2nd Year Reviews: Bob Falcone by Ben Yacavone

In viewing most of Bob’s work, I continually think of the concept of give and take; as an artist, Bob creates work that gives and takes various things from the viewer, and uses these gains and losses to create an experience that would otherwise not be possible to achieve.

A recent example of this give and take is his creation of a sensory-deprivation chamber, which works in conjunction with a series of either pre-recorded soundtracks or live audio microphones set up in the gallery space. Viewers are invited to enter the chamber, which starts the process of the give and take; their sense of hearing and sight are all but eliminated, cutting them off from the gallery environment. Then comes the give: audio recordings or live stream are pumped into the room, causing the individual to gain a new sense, hearing the intimate conversations taking place over the work inside the gallery. With the initial sacrifice of their sight and hearing, they are gifted back a new form of hearing, creating a secret experience unique to each viewer, each location, and each round in the chamber. This may come off as a violation of privacy to some, while others view it as a tool for growth, being able to learn and hear things that might not normally be part of gallery conversation. The openness of interpretation in this regard is something I feel makes Bob’s work strong.

More recently, Bob has begun working on a series that involves a series of roadside crosses from the state of Montana, and the exploration of the idea of death, and it’s association with those crosses. My biggest concern/criticism about this new direction is that the idea of exploring death in artwork is both an incredibly broad and loaded concept, full of baggage and association, and also that the exploration of death in artwork has been done time and time again. These factors might be a struggle for Bob to overcome in the creation of his work, and he’ll need to have the research and a defense of his work to be incredibly solid to back it up. However, if he can get over this issue, I think that this could be some of Bob’s best work. The simple beauty of these crosses, the finality of them out in the bare Montana landscape turns them into art objects before anything else is done with them, and with the right tweaking, Bob could elevate that level of beauty even further. I’m interested and excited to see where he takes this newest exploration, and I’m hopefully that he’ll succeed in his goals.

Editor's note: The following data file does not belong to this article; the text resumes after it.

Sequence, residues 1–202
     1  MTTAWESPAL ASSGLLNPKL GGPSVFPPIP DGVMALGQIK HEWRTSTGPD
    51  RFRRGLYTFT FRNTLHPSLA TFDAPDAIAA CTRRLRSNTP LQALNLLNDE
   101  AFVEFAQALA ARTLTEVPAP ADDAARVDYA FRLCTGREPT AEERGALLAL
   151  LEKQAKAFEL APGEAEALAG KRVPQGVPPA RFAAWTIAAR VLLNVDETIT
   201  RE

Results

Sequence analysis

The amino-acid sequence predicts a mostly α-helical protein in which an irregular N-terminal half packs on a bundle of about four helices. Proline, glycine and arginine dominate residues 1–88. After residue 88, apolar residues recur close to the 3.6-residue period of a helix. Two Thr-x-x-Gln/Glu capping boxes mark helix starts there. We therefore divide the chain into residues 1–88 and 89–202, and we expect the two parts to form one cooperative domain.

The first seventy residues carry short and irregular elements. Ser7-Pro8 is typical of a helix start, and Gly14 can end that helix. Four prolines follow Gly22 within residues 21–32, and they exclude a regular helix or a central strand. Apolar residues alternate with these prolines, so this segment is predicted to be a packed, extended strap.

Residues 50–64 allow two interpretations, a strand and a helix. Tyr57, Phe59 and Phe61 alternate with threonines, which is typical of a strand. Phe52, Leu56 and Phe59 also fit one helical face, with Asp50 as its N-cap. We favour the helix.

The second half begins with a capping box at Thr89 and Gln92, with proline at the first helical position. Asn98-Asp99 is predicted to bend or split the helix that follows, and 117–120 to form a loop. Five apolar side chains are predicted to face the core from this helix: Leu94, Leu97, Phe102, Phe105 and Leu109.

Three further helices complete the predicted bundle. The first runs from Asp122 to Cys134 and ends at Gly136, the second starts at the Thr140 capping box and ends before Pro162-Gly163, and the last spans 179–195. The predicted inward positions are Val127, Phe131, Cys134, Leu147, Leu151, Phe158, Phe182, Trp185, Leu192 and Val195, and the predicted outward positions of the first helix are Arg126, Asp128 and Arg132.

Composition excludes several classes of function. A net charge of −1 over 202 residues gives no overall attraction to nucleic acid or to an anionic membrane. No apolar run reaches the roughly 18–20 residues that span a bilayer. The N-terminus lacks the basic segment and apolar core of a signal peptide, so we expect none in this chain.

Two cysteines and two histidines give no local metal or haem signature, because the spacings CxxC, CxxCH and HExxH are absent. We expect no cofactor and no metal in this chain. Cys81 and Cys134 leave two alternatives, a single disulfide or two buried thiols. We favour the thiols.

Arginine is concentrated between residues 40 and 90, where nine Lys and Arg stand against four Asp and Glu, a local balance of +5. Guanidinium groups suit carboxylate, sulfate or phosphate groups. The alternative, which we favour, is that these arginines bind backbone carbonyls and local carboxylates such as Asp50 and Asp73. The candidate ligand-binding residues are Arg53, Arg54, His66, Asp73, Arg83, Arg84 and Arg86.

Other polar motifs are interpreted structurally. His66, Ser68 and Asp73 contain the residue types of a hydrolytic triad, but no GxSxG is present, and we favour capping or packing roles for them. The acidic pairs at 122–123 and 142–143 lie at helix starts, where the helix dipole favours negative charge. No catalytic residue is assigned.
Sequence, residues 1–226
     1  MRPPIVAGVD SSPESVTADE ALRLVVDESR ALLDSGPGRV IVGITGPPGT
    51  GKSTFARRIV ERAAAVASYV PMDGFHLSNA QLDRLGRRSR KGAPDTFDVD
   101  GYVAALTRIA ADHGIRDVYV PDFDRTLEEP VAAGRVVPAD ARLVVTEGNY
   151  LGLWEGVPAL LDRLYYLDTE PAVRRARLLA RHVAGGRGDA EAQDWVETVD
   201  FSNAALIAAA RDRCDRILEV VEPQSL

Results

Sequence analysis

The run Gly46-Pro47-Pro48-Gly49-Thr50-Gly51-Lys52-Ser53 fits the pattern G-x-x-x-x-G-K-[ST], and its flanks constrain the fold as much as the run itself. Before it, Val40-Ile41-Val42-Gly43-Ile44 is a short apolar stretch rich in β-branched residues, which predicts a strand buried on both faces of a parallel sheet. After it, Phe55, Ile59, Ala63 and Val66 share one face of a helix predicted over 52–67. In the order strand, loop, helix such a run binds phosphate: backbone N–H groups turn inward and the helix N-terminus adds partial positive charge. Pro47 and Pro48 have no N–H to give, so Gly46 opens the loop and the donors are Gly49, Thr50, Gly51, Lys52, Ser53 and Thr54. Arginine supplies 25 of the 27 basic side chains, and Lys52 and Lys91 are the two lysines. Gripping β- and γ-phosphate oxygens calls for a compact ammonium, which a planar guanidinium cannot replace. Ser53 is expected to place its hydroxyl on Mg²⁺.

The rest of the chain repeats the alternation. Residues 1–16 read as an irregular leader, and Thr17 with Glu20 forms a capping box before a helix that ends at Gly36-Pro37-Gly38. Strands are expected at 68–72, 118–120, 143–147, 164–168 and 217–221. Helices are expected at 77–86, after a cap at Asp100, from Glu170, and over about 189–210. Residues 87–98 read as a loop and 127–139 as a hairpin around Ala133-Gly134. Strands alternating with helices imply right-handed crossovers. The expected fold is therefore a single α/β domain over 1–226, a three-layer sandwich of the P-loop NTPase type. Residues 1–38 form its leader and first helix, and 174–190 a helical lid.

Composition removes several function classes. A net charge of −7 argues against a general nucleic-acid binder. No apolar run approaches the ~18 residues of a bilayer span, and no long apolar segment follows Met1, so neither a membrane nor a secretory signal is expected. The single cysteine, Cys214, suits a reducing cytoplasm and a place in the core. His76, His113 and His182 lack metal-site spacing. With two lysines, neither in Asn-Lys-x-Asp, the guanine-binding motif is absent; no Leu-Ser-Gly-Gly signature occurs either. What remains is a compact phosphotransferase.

To learn more about Bob’s work and his process please visit http://refalcone.tumblr.com/

As part of the second-year graduates’ Thesis Projects I course, candidates were each assigned two of their cohort to review. As students begin writing their thesis papers and constructing artist statements, this review process proves to be beneficial twofold. Students not only exercise their written critique skills, but are able to read about their own project from other voices. Over the next few weeks we’ll be posting these reviews, so be sure to visit regularly for insights and photos of the second years’ progress!

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